Last Danse: The Exclusive in Danse Macabre

Now available from EDGE Publishing is Danse Macabre: Close Encounters With The Reaper, featuring stores from Brian Lumley, Lisa Morton, William Meikle, Tom Piccirilli, Gabriel Boutros, Brad Carson, Suzanne Church, Dan Devine, Lorne Dixon, Tom Dullemond, Opal Edgar, Ian M. Emberson, Sabrina Furminger, Stanley S. Hampton, Sr., Brian Hodge, Nancy Holder & Erin Underwood, J. Y. T. Kennedy, Nancy Kilpatrick, Tanith Lee, Morgan Dempsey, Timothy Reynolds, Angela Roberts, Lawrence Salani, Lucy Taylor, Bev Vincent, Bill Zaget and yours truly.

The brainchild of editor Nancy Kilpatrick, Danse Macabre is inspired by the macabre art of 14th century plague-wracked Europe, those amazing woodcuts, sculptures, and paintings of the grinning, skeletal Grim Reaper whirling hapless mortals of every class and creed in prancing, strangely joyous dance of Death.  The central theme of the anthology is the various ways in which mortal men and women might encounter Death as a personification.

My own entry, The Exclusive, is set in the 1880’s. A crusading newspaper editor finds himself eating his own words when a group of violent gunmen hired by a corrupt rancher smash his office, drag him out of town, lash him to his printing press and toss him in the river. When a strange, naked man apparently saves him from a watery grave, realization soon dawns, and he finds himself with a unique opportunity for a one on one interview with the most infamous killer the world has ever known.

For my own depiction of Death, I chose to elaborate on the Jewish fable of Lilith the first woman portrayed in The Alphabet of Ben Sirach, and her apocryphal love affair with the angel Samael, with whom she conceived the first demons and who in some accounts, became the Angel of Death.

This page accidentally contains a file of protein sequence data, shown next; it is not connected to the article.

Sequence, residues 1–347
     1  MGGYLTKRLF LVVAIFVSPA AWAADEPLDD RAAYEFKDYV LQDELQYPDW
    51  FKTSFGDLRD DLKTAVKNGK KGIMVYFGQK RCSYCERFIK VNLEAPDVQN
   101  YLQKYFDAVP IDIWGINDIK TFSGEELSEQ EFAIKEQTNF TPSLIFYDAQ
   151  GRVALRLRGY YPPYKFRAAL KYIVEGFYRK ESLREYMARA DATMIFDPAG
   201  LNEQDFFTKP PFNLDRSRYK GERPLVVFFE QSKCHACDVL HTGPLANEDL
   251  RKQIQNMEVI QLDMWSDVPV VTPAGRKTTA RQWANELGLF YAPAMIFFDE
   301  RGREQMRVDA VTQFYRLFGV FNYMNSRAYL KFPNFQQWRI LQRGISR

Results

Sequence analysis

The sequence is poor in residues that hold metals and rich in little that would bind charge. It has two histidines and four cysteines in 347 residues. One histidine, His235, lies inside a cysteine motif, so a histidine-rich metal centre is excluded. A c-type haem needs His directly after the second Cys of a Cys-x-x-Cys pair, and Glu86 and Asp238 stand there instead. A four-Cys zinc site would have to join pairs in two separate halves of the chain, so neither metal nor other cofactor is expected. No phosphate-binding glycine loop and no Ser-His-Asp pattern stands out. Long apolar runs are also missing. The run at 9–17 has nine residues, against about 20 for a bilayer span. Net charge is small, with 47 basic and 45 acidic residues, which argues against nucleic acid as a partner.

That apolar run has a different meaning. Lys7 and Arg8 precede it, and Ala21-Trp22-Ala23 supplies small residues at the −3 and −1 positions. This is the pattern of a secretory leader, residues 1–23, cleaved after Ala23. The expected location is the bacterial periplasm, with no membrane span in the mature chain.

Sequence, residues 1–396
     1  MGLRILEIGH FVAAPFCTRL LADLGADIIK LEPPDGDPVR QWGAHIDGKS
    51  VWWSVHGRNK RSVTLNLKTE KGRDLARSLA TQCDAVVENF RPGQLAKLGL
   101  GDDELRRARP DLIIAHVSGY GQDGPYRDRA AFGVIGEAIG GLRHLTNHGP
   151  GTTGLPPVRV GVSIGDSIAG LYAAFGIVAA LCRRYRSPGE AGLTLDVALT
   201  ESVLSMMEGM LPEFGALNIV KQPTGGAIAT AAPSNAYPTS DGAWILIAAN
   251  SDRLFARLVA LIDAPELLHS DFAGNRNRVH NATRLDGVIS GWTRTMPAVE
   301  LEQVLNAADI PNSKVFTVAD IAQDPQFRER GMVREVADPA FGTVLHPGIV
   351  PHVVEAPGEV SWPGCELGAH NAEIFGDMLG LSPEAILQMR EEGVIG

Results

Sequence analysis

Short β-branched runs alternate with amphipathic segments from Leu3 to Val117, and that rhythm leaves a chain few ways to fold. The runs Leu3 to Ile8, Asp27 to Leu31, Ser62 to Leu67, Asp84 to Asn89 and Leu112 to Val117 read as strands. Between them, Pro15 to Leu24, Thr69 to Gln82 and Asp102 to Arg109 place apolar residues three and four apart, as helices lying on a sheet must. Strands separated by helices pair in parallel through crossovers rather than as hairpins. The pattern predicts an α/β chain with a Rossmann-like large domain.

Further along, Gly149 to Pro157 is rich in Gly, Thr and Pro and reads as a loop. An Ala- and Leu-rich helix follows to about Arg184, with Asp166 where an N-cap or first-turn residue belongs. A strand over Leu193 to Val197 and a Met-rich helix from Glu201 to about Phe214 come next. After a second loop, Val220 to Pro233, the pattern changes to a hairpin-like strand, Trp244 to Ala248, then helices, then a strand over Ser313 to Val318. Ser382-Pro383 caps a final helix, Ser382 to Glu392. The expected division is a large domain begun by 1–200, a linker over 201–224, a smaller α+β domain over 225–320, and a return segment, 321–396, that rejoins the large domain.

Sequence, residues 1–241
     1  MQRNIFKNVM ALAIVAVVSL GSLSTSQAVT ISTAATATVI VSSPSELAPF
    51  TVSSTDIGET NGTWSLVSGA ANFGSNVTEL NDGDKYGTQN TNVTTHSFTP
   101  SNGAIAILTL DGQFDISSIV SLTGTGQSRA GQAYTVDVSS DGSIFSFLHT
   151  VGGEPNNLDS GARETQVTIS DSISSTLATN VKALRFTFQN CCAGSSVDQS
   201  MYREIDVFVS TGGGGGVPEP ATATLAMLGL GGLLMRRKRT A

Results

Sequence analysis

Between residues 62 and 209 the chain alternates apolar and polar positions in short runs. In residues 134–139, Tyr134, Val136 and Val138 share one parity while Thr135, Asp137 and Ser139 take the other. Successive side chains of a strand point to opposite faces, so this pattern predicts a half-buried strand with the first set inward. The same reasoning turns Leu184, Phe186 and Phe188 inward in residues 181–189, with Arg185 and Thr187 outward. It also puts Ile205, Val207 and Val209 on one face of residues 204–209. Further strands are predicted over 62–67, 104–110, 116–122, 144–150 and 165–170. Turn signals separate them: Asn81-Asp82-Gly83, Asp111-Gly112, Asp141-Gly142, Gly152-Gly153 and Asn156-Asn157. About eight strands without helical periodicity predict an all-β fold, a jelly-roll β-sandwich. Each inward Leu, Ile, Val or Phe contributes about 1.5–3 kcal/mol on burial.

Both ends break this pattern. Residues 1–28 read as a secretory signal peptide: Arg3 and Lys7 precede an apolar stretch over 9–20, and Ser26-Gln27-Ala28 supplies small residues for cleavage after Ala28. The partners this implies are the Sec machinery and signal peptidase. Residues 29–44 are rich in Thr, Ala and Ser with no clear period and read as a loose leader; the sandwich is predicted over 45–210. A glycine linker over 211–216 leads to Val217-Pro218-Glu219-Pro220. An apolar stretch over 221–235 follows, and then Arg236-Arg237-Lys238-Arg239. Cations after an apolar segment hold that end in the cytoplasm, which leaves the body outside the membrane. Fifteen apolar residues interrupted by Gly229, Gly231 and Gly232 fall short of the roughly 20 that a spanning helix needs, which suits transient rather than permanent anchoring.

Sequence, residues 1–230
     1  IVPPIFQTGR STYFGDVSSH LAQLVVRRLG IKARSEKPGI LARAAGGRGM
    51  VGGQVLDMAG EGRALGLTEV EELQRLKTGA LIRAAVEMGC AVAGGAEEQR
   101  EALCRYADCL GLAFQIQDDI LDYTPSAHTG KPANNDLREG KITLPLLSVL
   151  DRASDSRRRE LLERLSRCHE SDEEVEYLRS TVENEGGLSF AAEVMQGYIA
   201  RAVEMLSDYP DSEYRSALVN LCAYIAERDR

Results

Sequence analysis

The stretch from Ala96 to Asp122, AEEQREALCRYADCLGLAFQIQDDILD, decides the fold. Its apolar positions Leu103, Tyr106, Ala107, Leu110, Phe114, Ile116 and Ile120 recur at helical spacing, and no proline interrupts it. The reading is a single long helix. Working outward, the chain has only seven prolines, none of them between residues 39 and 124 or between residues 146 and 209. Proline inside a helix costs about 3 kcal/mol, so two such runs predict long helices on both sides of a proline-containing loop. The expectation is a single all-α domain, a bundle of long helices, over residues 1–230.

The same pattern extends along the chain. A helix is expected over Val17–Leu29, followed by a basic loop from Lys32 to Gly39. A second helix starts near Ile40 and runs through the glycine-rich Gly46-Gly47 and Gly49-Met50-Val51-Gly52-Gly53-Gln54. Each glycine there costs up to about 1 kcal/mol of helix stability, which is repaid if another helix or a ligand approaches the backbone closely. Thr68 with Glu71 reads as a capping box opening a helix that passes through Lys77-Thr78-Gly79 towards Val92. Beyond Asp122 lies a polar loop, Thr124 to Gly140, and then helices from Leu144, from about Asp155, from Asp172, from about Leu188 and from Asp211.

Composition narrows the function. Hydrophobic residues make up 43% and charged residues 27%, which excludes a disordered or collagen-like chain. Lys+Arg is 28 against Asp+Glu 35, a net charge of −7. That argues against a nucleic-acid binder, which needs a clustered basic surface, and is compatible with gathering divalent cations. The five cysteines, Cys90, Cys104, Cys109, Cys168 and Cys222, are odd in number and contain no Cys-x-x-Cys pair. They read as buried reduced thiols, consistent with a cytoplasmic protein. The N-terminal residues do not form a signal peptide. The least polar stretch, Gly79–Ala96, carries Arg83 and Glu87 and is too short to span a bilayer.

Readers of my Merkabah Rider series will recognize this take on the story of Lilith and Samael’s doomed love affair – it plays an important role in those books. I saw this as an opportunity to expand a little on their story through the eyes of a character not tied up in the epic cosmic events of Merkabah Rider.

Here’s a short excerpt – – –

“I remember the last time I saw her, before they sealed me in this prison. She was clothed in animal skins. I had never seen such a thing. She was a fierce, golden spirit twice-wrapped in death. So willful. She would have stared God in the face if that act wouldn’t have burned her to nothingness. But she didn’t even look at Michael as he passed sentence. She looked at me. And there were tears running from her eyes. The blood of the human soul.”

They were quiet for a long time, Death and Twiggs. Death’s thoughts were inscrutable, but Twiggs’ were of Junia and the last time he’d seen her. It was the last time he would ever see her.

“For the first thousand years,” Sam said, “I punished you mortals. I tore your souls from this earth and shook you like babes wakened in the night by enemy soldiers. I flung you into hell wailing. I laughed to see you scream. I concocted new perversities to inflict upon every soul I was called to claim, and each one I think plummeted into hell a little less sane than the last. I think I was insane myself. I have danced with the dying, swung them around and around to music only I could hear only to cast them into the inferno on the last go ’round. I emptied my heart in hatred of you until I became a great scar. Then my sadism bored me, and I spoke little at all. All the crimes I committed were useless. No soul came to me dreading what I had done before. Each feared only the change I represented. Once I sat silently on the soul of a man for eight years, just to watch him gibber beneath me like an animal.”

“Well,” said Twiggs, “I’m glad you’re past that period, anyway.”


Danse Macabre features some amazing stories, and I’m not just saying that because I’m in it. Lisa Morton’s The Secret Engravings (about the plague artist Hans Holbein The Younger’s strange patron), Brian Hodge’s For I Must Be About My Father’s Work (a hitman who upon hearing a victim’s desperate prayers, decides to wait along with him to see if God intervenes), La Senora Blanca (an old Mexican woman’s confrontation with the goddess of criminals, Santa Muerte) by Lucy Taylor were particular standouts for me. I can’t recommend them enough.

You can pick up Danse Macabre here from the publisher

Or on Amazon.

Hasta pronto!


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